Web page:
Main Causes of Farsightedness

Farsightedness is a common condition related to vision. It is also referred to as hyperopia, in which a person can see distant objects quite clearly but objects that are close appear blurry and unclear. The ability to focus depends largely upon one’s level of farsightedness.

Those who suffer from extreme to severe farsightedness may only be able to see objects that are placed at a far distance. Those who suffer from mild farsightedness may even manage to see objects that are not too far away clearly.

Farsightedness is usually inherent through family genes and is present from the time of birth. Contact lenses and eyeglasses are the easiest solutions for rectifying this problem. In extreme cases or if you wish to get rid of it sooner, you may have to undergo surgery.

Main Causes

Our eyes have two parts to focus on images:

  • Cornea

This is a dome-shaped, clear surface in front of our eye.

  • Lens

This is a clear structure. The lens is nearly as big as an M&M candy in size.

In an eye that is normally shaped, these two focusing elements should have a curvature that is perfectly smooth, similar to a marble’s surface. If the lens and cornea have such a perfect curvature, they refract or bend all incoming light. This will make on the retina a sharply focused image. The retina is the part at the back of the eye.

In other words, this eyesight problem occurs when the light rays that enter the eye focus behind the retina instead of directly focusing on it as should be. A farsighted person has an eyeball that is shorter than people with normal vision.

Since it is often a condition from birth, many children are known for outgrowing it with age as their eyeball grows to normal size.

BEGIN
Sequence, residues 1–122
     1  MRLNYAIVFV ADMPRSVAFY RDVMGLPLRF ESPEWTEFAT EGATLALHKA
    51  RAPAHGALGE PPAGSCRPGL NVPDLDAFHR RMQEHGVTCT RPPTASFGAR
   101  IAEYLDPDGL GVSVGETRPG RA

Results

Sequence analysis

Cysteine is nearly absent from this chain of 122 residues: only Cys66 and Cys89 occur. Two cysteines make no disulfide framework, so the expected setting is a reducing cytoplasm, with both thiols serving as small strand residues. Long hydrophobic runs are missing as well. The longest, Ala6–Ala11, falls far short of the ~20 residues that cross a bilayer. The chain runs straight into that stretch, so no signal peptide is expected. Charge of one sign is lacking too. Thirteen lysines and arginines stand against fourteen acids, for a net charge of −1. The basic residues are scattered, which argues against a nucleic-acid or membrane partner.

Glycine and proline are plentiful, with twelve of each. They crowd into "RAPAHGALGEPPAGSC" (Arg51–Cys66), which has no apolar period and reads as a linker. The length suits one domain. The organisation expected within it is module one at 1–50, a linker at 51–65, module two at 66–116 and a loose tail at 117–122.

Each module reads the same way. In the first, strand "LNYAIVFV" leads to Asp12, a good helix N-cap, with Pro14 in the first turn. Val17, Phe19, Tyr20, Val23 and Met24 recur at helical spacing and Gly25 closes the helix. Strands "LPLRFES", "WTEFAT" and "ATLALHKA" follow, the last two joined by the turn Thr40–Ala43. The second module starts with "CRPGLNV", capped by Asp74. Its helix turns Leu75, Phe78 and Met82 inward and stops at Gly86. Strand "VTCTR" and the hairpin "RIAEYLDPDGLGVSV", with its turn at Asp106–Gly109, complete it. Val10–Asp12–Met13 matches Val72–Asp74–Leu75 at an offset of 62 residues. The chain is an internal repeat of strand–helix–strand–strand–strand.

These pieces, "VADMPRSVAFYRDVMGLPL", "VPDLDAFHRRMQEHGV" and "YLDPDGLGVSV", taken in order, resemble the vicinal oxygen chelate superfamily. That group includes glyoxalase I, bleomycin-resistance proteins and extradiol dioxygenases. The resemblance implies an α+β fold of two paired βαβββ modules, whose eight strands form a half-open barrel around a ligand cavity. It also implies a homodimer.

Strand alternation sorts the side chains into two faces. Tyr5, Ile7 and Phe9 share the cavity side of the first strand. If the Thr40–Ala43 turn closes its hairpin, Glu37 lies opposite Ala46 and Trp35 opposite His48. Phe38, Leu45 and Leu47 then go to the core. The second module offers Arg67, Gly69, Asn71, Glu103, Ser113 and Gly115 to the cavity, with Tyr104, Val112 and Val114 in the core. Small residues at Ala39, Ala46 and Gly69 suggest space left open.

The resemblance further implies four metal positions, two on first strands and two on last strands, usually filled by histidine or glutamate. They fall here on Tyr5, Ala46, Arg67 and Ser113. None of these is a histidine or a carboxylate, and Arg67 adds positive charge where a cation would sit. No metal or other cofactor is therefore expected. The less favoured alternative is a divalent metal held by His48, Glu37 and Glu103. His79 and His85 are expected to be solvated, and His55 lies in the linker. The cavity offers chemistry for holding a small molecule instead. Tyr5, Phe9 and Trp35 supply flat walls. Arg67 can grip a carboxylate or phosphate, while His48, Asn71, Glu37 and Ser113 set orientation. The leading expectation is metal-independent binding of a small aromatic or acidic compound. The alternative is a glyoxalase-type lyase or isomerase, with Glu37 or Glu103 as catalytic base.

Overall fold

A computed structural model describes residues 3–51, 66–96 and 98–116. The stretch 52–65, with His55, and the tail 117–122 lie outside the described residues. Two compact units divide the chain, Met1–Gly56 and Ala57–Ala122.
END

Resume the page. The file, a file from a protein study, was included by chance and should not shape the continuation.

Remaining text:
People also often confuse presbyopia with hyperopia. Presbyopia also causes near vision complications, but the reasons for it are entirely different from hyperopia.

Refractive Error

A refractive error is caused when the lens of the cornea does not have a smooth curvature, and the rays of light are not properly refracted.

You will experience farsightedness if your cornea is curved less than usual, or the eyeball is shorter than it normally is. The effect is directly in contrast to nearsightedness. All the adults who suffer from farsightedness will mostly experience blurriness while looking at objects both near and far.

Other Refractive Errors

There are some other refractive errors, as well, in addition to farsightedness. They include:

  • Astigmatism

Astigmatism takes place when the lens or cornea is more steeply curved in one direction instead of another. If astigmatism is not corrected, it will blur your vision.

  • Myopia or Nearsightedness

This eye condition occurs due to a steep curvature of the cornea, or the eyeball is longer than it is in normal cases. Instead of light focusing on precision on the retina, it focuses on the front of the retina. This creates a blurry appearance for objects at a distance.

If you experience any of the symptoms and signs stated above, you should consult with an eye doctor as soon as possible.

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